Anetoderma of prematurity was described by Prizant et al1 in very-low-birth-weight infants in neonatal intensive care units (NICUs). This recent description probably reflects improvement in care of premature neonates who were previously unable to survive. The mechanism for the development of anetoderma is unknown, but the role of monitoring leads has been suspected. To further delineate this clinical condition, we have studied 11 additional cases.
All cases of anetoderma of prematurity seen in a single NICU (University Hospital, Dijon, France) from 1999 to 2006 were retrospectively studied. Anetoderma was diagnosed clinically.
Gestational age and birth weight ranged from 25 to 30 weeks and from 725 to 1250 g, respectively. All neonates had pulmonary diseases and required assisted ventilation. Ten developed bronchopulmonary dysplasia and received oral steroid treatment. Three had severe digestive tract complications (necrotizing enterocolitis or ileal perforation). Nine were treated with indomethacin for patent ductus arteriosus, and 4 of these needed surgical closure. The median duration of hospitalization in the NICU was 125.0 days vs 99.5 days in 30 control neonates matched for gestational age (P = .001).
Twin pregnancies occurred in 5 cases, but no co-twins were affected with anetoderma. In these twin pairs, the affected twin had the lower birth weight in 2 instances, and the higher in 3 instances. The incidence and severity of pulmonary or digestive tract diseases were similar in twins without anetoderma.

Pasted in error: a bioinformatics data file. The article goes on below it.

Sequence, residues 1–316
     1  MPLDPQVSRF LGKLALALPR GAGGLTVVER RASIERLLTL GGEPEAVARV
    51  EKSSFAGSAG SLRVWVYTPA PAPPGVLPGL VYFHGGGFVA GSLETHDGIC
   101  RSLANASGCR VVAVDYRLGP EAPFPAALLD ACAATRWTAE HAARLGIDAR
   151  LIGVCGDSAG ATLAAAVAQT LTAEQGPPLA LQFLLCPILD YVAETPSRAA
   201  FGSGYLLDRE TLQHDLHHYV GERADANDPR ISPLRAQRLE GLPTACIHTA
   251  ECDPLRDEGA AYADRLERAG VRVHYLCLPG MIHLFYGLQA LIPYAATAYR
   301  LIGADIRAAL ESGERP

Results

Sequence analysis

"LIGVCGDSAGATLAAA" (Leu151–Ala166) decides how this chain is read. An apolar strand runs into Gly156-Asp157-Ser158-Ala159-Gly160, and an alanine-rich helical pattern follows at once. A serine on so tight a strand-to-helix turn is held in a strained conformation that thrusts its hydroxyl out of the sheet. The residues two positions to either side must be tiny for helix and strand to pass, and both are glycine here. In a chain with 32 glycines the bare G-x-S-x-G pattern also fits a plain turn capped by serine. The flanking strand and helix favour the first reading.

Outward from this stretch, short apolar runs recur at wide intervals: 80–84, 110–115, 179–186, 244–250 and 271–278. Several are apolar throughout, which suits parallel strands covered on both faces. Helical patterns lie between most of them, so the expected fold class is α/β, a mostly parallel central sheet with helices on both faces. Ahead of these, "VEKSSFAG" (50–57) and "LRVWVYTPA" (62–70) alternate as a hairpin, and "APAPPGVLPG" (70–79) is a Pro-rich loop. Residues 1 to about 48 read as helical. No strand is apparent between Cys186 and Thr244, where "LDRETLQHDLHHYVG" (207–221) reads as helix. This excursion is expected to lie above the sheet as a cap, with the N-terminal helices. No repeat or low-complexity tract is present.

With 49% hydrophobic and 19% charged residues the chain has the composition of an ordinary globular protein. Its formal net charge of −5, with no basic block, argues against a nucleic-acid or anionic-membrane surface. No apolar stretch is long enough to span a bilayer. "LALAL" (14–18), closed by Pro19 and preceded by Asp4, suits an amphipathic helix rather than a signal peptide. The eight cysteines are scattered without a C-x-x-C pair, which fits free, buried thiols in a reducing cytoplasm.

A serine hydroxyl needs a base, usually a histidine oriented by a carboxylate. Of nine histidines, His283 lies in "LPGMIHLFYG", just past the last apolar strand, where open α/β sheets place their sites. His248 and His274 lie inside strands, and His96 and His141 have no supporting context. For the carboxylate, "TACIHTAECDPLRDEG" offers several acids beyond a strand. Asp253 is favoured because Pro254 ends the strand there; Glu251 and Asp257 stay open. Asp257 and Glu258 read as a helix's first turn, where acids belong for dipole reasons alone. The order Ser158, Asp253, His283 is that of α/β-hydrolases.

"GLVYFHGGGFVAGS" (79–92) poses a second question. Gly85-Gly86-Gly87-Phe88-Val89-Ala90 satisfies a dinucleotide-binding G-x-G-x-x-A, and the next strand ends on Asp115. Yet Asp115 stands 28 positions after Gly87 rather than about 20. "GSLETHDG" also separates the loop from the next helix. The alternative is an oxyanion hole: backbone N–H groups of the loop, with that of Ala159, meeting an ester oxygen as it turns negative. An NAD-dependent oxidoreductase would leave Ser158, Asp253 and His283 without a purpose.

Localized, rounded flat, atrophic skin patches 5 to 20 mm in diameter were first noted between age 6 weeks and 5 months (Figure 1B and Figure 2A). Five infants had previously been examined for ecchymoses without atrophy or necrosis (Figure 1A) at the sites where monitoring leads had been applied. On follow-up, all ecchymoses turned into atrophic patches within a few days. Previous placement of monitoring leads at the site of atrophic patches was noted in 8 cases. All lesions were ventrally located: in the subclavicular areas on the chest in 8 cases (Figure 1) and in paraumbilical areas on the abdomen in 6 (Figure 2).
The periumbilical region of patient 3. A, Initial ecchymosis (age 4 months). B, Late atrophic patches (age 16 months).
The left subclavicular region of patient 5. A, Ecchymotic macules (age 6 weeks). B, Atrophic patches (age 9 months). C, Anetoderma with herniation (age 24 months).
Follow-up data were available for 8 infants. All atrophic patches evolved into typical herniated anetoderma (Figure 2B and C). No self-healing or improvement occurred. In 1 child aged 7 years, persistent anetoderma lesions on the upper chest caused disfigurement and led to surgical excision.
Eight cases were observed in a 2-year period between 1999 and 2001. At that time, because the pressure of the monitoring leads was suspected to be a causative factor, a preventive approach was implemented in the NICU. Monitoring leads were always applied on the ventral side when the infants were lying supine and on the dorsal side when lying prone, thus avoiding pressure from the leads onto the skin caused by the infants' weight. From that day on, only 3 additional cases were seen in the following 5-year period between 2001 and 2006.